Poetry has always been a way to cleverly portray a story, rhythmically using words to paint vivid pictures into the audience’s mind. Traditionally, poems were crafted as blessings to the creator and countless storytellers throughout time used poetry to explain how Mother Earth came to be, with such verses describing the raven stealing the moon and tossing it into the sky. And across the world, generation after generation, romantics relied on the expressive art form to win the hearts of their main attraction.
Once a month, the Hibulb Cultural Center hosts a poetry series inside of their longhouse where local Indigenous poets are featured and invited to share their words with the community. The series provides a space where creatives can tell their story and explain the thought behind each of their readings, while listeners delve into the deeper meaning, paying close attention and hanging onto every word.
“Tulalip elders were the foremost poets in our area,” says Hibulb Cultural Center Education Curator, Lena Jones. “Our ancestral language itself is rhythmical and expressive. When one translates the elders’ words and wisdom from Lushootseed, the words contain profound meaning expressed in a beautiful way. Our elders tell us that the ancestral elders advised us to use words as medicine for the people.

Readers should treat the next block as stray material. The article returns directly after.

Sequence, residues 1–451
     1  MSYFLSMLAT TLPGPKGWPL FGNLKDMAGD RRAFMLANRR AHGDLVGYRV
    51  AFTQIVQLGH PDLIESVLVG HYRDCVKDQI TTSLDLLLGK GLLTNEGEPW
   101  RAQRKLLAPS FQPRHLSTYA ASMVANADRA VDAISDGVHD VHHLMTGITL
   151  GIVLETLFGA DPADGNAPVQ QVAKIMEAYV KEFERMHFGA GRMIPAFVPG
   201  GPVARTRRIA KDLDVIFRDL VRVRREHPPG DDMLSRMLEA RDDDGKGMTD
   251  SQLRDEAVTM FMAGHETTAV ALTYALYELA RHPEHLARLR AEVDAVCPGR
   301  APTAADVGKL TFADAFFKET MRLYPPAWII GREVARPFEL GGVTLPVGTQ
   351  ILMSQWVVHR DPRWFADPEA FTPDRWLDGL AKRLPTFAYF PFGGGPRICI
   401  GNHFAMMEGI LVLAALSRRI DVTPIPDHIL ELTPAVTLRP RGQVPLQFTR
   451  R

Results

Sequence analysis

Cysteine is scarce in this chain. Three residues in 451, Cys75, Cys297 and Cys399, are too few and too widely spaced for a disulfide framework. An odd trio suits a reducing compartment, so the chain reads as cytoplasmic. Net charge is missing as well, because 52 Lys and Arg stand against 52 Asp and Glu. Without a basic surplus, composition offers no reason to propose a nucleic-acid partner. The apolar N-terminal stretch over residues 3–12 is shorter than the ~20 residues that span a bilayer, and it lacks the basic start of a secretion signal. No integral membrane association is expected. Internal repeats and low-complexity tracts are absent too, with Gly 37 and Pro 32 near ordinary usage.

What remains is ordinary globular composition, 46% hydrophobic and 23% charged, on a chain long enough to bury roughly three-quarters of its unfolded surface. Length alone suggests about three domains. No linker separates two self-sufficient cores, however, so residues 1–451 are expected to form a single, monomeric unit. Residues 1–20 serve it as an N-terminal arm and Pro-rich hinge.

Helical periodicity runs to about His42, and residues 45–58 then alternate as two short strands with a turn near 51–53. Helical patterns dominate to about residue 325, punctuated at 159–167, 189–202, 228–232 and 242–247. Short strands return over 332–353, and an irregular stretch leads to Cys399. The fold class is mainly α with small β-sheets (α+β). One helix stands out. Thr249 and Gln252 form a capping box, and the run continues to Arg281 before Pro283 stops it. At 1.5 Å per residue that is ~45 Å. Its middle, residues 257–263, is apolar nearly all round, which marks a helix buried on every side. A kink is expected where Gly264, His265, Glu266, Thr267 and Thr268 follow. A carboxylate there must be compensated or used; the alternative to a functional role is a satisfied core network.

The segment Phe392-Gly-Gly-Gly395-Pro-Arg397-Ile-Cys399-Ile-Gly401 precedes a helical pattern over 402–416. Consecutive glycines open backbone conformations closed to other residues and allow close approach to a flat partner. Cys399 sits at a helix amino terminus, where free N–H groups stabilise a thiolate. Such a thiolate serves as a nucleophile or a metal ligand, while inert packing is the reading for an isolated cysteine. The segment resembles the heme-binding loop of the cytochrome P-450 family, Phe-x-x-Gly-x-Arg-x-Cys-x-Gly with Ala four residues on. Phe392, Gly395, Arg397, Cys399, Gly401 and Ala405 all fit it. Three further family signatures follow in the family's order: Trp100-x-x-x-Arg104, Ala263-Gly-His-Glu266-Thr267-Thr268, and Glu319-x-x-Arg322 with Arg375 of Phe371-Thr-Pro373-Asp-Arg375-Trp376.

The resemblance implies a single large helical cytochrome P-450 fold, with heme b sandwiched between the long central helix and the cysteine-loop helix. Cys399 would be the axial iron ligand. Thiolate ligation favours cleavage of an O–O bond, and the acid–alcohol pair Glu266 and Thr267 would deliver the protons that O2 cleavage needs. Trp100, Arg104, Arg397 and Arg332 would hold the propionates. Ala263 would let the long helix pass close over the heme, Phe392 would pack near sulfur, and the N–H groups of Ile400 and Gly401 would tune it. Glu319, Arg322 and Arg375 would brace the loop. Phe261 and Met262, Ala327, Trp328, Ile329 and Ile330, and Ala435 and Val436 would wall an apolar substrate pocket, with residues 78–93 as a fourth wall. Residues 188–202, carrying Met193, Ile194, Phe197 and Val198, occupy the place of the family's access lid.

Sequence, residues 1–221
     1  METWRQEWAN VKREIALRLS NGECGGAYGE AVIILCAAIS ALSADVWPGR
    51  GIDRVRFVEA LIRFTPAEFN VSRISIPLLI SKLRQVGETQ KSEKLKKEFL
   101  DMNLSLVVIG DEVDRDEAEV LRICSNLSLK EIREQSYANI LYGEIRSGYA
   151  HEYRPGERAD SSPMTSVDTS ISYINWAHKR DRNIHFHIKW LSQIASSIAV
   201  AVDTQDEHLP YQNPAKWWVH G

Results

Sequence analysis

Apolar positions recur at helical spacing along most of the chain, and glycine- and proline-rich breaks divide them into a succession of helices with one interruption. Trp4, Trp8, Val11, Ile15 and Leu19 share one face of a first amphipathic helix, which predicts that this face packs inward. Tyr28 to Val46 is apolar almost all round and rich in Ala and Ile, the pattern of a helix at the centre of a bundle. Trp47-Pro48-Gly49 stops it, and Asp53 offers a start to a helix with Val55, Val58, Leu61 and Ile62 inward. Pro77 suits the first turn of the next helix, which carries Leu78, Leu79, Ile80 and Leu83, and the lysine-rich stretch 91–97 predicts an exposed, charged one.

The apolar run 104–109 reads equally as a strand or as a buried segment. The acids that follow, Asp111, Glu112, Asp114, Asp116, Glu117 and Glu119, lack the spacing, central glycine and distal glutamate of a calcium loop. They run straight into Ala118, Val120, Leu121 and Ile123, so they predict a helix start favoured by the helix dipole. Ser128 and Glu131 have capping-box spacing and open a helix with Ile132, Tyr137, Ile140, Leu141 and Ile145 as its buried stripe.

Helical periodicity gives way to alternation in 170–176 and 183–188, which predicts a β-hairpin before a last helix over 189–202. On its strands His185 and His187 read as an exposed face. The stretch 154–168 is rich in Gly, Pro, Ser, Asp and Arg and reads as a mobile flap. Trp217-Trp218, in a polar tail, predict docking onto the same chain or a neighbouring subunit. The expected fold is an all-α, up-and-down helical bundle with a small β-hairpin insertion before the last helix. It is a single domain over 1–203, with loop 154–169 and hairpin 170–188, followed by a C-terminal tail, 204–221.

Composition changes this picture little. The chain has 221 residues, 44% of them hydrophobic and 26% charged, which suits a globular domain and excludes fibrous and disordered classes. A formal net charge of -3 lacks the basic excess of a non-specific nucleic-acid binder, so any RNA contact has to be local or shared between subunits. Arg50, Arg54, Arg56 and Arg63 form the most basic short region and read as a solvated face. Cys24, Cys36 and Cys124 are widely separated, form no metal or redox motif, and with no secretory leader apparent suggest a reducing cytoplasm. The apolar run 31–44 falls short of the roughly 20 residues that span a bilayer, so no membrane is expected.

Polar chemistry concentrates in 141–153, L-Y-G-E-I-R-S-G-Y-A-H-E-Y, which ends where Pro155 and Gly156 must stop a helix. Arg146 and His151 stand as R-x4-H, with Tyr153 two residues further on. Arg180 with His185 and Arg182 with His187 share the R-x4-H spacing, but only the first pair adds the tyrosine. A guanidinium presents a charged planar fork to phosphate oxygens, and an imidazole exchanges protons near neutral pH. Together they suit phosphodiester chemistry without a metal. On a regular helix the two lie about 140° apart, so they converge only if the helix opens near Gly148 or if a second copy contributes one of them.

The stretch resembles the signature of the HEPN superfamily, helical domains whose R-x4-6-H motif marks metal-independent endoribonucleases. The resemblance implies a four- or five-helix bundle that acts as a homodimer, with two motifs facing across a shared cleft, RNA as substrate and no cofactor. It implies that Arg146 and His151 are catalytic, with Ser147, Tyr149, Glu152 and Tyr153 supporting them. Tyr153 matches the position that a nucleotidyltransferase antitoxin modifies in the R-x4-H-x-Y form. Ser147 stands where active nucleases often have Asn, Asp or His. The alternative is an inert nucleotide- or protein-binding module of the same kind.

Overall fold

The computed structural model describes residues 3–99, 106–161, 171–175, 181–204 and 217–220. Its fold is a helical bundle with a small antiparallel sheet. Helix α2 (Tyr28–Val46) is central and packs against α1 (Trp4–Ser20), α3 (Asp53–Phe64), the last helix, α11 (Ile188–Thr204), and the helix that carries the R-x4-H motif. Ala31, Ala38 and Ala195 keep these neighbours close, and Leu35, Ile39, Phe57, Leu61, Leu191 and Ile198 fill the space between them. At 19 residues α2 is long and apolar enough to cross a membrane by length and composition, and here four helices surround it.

“Hank Gobin,” she continues. “The first director of the Hibulb Cultural Center and himself a talented poet, included poetry as one of the objectives of the Center, feeling poetry was becoming a lost art.”
On the afternoon of January 3, Shawnee tribal member and renowned Indigenous Poet, Laura Da’ read poems from her most recent book, Instruments of the True Measure, the follow up to the critically acclaimed, Tributaries. During Hibulb’s first poetry series of the year, she explained that she created fictional characters to tell the true story of the relocation of the Shawnee people.